A look through Hans Zimmer’s discography reveals a truly staggering body of work; The Lion King, Gladiator, The Dark Knight trilogy and countless other films have been blessed with his gift of musical storytelling. Now a 30 year veteran of the industry the film composer is still at the top of his game, and on behalf of HeyUGuys I was lucky enough to chat with him ahead of the home entertainment release of the brilliant 12 Years A Slave.
So vast and varied is Zimmer’s catalogue and so excited was I to to speak with him that the 15 minutes I was granted felt like 5. Nonetheless it was a fascinating conversation, and here he speaks about working with Steve McQueen, the challenges when coming up with superhero scores and a special edition re-release of his work on The Lion King. Have a read below.
Freed from the burden of a seen-it-all-before origin story, The Amazing Spider-Man 2 is a marked improvement from its predecessor and gets more right than it does wrong, but it is still unworthy of its title.
After a flashback gives us more details on Peter Parker’s parents (more on that later), the narrative picks up from where the first left off. Peter (Andrew Garfield) and Gwen Stacy (Emma Stone) are very much in love, but Peter is still haunted by the promise he made to Gwen’s Father to stay away from her. Elsewhere, an industrial accident sees Max Dillon (Jamie Foxx) transform into dangerous villain Electro, whilst Peter’s childhood friend Harry Osborn (Dane DeHaan) re-emerges with secrets of his own.
This week, on behalf of HeyUGuys I was invited to a special screening of footage from Marc Webb’s forthcoming superhero sequel The Amazing Spider-Man 2, which included the first 15 minutes in addition to two pivotal scenes. I won’t go into too much detail about what I saw, but here are some of my takeaways from what was revealed. Suffice to say, there’s plenty of reasons to start getting excited.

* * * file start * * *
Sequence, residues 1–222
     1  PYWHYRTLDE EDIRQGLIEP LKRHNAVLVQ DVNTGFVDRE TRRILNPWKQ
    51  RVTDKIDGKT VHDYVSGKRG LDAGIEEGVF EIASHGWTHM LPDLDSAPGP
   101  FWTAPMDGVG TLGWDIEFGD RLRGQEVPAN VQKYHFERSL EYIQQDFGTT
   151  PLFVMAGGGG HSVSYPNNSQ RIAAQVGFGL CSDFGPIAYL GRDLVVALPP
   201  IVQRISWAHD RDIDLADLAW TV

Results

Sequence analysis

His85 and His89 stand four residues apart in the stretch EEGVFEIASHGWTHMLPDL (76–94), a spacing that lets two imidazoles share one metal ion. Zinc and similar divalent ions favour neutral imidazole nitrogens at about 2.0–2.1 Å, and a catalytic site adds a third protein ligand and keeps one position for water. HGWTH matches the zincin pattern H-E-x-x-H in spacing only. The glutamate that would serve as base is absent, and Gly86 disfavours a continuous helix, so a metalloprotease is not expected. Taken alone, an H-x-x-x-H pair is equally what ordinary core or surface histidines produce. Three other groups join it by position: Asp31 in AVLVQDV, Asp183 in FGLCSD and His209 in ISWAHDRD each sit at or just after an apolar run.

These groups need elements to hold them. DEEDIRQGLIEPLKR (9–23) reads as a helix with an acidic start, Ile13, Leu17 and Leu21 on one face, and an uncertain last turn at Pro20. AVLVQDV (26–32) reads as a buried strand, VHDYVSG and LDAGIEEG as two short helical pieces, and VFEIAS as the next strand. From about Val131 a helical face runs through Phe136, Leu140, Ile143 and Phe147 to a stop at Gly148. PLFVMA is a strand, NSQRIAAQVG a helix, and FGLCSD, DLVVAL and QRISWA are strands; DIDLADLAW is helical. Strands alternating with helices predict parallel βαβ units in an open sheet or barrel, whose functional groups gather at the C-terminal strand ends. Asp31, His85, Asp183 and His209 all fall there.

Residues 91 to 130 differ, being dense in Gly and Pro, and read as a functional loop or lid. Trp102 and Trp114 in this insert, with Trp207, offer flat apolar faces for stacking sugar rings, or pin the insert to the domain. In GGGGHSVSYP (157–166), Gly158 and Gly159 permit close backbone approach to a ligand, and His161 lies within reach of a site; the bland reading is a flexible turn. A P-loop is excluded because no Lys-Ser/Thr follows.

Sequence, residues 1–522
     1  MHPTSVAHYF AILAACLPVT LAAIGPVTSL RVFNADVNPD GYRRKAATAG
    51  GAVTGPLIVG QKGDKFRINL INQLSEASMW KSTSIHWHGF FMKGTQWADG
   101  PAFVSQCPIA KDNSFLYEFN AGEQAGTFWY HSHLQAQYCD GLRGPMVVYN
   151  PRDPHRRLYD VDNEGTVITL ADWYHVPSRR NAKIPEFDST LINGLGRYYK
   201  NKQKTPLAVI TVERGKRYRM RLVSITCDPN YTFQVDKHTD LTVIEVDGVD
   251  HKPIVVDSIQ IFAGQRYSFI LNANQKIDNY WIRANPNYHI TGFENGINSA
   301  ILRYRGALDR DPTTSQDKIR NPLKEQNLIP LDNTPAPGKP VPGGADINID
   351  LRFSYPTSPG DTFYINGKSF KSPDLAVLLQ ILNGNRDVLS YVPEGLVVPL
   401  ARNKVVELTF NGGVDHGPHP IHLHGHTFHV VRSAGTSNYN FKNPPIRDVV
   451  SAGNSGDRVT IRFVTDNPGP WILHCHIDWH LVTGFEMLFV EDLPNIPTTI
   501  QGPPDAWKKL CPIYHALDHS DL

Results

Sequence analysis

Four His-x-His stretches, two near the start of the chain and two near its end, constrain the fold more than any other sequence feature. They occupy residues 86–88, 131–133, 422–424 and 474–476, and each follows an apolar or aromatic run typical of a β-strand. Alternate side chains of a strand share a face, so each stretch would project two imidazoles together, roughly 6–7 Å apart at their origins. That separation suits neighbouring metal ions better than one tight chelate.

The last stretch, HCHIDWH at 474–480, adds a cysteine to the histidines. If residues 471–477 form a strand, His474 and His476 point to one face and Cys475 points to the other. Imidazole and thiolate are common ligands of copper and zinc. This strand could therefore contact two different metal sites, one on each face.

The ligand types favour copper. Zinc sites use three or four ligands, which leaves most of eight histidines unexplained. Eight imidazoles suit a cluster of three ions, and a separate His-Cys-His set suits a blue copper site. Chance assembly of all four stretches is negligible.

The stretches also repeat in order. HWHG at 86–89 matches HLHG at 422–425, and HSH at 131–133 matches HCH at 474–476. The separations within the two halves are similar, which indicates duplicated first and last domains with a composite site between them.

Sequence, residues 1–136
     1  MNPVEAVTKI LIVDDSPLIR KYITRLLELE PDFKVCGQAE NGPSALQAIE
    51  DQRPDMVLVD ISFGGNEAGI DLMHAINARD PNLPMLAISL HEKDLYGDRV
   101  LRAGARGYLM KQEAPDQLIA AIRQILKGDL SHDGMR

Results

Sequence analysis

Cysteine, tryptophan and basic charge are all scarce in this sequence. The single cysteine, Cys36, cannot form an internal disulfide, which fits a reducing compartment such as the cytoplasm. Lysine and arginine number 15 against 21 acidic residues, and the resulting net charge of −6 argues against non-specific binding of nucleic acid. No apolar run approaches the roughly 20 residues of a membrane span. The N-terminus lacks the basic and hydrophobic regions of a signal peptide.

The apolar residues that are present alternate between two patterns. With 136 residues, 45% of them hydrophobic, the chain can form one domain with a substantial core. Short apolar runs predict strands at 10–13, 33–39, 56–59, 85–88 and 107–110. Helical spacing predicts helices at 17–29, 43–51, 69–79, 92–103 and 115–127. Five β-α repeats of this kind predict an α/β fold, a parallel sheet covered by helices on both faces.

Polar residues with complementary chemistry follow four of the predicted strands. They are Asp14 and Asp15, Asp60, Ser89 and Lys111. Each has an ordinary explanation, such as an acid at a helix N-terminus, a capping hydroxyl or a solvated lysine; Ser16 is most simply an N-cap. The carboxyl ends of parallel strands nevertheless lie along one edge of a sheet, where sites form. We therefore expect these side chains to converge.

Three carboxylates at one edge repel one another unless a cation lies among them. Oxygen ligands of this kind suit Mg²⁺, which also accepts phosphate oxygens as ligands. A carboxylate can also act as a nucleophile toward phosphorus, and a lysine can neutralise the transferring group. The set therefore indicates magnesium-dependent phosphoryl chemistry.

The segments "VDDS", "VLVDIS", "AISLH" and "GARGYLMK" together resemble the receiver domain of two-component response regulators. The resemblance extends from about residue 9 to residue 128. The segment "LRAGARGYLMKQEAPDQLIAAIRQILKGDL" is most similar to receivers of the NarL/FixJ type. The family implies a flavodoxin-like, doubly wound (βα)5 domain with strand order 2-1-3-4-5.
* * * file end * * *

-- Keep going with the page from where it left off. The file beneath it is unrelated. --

Director Gore Verbinski’s The Lone Ranger gallops into cinemas this week, delivering lively and enjoyable blockbuster entertainment even if it lacks the freshness and swagger of his Pirates of the Caribbean: Curse of the Black Pearl (2003).
Read my review at Flicks and the City here.
At the beginning of the year, you would be hard pressed to find a ‘most anticipated films of 2012’ list that didn’t feature The Dark Knight Rises. But Batman on film wasn’t always this popular; 1997’s Joel Schumacher directed Batman & Robin is widely regarded as one of the worst comic book movies of all time (and with good reason). Christopher Nolan managed to reinvigorate the franchise with 2005’s Batman Begins. He went one better and set a new benchmark for superhero movies with The Dark Knight in 2008. With The Dark Knight Rises, has Nolan outdone himself again?
Read the rest of this review on Yin & Yang here.